A year or so on from the well-received and heavily promoted release of debut Please Keep Moving Forward, we come to the latest release from Coreline. Over the course of the past year, something more of a live “show” has become the norm, with moments of great laughs and cardboard robots making for a rather more interesting live show than many noise artists. Has this made any difference to the recordings? Well, in some ways, yes.
Exact Science Is Not An Exact Science EP
Catalog#: not on label
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Opener Noise To Signal opens impressively, with bursts of scattergun noise and breaks exploding across the speakers, before things settle down, comparitively, with an urgent, pulsing beat sweeping all before it. What is interesting is the lack, in the main, of what have become Coreline’s trademark – mock-orchestral synth lines.
They aren’t far away, though, as they are nestled within Are You Sure Your Body Can Stand It – in short bursts, at least. Otherwise it is a pulversing noise track, a hailstorm of beats and B-Movie samples whose only flaw is that it goes on for that little bit too long. Earth Can No Longer… was trailed to a handful of DJs a while ago, and is something of a departure again in being all glitchy-breakcore and recurring samples, again with the “strings” buried deep in the mix. Hardly dancefloor fodder, but it might be fun to try…
Ten Seconds brings us back to more familiar Coreline territory, with it sounding much like the last album – very polished, very clean, and technically accomplished. A good tune, too. Coreline Builds Better Robots has a great title, and is unusually for this artist built around the basis of a 4/4 (ish) beat. It also has huge, cheesy synths taking over mid-track, with what sounds suspiciously like crowd noise also sampled in. Is this a bid for “stadium noise”?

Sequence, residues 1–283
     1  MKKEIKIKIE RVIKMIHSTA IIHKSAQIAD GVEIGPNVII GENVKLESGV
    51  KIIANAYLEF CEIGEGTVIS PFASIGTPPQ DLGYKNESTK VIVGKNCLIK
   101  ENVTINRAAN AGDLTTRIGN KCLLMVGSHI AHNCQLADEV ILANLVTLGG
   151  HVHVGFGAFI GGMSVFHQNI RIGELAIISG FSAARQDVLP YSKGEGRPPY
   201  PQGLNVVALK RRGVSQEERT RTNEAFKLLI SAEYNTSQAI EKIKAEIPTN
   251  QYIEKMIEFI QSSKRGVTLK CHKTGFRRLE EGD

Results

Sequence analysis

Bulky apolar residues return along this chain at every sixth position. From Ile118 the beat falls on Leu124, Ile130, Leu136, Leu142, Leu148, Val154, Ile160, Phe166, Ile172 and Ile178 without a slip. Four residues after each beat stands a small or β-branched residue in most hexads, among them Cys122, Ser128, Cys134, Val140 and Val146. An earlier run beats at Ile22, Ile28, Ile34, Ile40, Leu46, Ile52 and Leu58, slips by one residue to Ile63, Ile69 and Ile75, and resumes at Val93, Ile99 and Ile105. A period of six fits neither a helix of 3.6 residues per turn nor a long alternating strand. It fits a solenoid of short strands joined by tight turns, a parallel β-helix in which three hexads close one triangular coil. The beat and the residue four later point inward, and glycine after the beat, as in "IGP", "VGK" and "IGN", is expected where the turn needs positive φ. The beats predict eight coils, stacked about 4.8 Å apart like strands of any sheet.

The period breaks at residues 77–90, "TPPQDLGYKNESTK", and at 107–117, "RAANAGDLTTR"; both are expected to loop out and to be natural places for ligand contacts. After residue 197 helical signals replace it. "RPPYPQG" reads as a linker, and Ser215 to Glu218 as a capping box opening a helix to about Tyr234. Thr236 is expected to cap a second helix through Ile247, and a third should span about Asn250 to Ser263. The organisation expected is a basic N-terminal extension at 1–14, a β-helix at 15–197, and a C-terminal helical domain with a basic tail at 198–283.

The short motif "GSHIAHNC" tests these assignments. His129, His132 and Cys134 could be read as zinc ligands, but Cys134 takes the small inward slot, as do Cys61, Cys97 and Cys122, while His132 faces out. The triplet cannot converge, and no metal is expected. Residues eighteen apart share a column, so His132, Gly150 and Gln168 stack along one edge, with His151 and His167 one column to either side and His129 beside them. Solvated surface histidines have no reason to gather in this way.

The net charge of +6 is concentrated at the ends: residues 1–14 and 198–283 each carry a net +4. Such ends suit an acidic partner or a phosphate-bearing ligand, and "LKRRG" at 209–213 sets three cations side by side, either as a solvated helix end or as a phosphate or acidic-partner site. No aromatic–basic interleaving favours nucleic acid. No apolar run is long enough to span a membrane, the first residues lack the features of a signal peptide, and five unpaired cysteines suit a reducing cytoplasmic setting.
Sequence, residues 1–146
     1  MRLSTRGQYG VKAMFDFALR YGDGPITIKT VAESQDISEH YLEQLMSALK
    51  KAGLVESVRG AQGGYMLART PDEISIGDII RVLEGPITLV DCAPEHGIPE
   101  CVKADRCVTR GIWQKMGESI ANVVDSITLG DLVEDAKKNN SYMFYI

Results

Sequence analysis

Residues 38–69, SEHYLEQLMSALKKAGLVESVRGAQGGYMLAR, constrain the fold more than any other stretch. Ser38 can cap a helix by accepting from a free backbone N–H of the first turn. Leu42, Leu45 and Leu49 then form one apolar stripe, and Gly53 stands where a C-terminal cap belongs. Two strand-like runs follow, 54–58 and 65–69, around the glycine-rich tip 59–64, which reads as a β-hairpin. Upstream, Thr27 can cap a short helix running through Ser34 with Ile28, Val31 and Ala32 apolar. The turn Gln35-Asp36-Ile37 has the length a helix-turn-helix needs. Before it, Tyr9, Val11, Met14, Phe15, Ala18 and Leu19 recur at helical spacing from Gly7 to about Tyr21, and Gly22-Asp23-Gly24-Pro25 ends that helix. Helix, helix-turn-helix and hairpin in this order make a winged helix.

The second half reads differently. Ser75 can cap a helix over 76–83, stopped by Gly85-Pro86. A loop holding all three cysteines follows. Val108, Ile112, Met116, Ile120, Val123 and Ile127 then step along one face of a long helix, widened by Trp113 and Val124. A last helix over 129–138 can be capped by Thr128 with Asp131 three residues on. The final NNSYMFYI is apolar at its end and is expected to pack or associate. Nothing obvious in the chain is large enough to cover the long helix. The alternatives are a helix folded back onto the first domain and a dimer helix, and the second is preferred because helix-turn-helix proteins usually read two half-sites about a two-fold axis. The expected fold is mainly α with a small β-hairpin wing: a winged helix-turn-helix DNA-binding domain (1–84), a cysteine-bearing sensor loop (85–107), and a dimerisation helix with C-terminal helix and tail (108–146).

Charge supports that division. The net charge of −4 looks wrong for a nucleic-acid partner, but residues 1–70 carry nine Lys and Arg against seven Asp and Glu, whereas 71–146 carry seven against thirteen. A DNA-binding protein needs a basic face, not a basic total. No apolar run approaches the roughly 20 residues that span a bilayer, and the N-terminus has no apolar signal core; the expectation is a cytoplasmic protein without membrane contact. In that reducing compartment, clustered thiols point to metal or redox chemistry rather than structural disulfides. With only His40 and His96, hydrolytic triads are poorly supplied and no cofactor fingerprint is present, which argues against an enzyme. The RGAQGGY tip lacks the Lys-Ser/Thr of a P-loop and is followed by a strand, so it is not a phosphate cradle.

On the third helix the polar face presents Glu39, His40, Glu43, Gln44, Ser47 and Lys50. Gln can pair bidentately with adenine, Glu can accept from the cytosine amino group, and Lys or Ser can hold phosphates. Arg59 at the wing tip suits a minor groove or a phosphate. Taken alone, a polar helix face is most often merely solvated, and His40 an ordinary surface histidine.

Perhaps inadvertently, this idea is continued into the Keef Baker remix of Dance Electric, which sounds for all the world as if it should be played with a packed dancefloor going mad to it, arms in the air. It is the sudden burst into life of the synths and picking up of the pace, I think, that does it. Amazing stuff. The PCP Principle go for a relatively straight take on Are You Sure Your Body Can Stand It, even with mellow piano-led sections that provide an occasional break from the mayhem.
This is a great EP from Coreline, with more variety than before, and a few interesting pointers for where he might go next. One thing is for sure – it won’t be boring…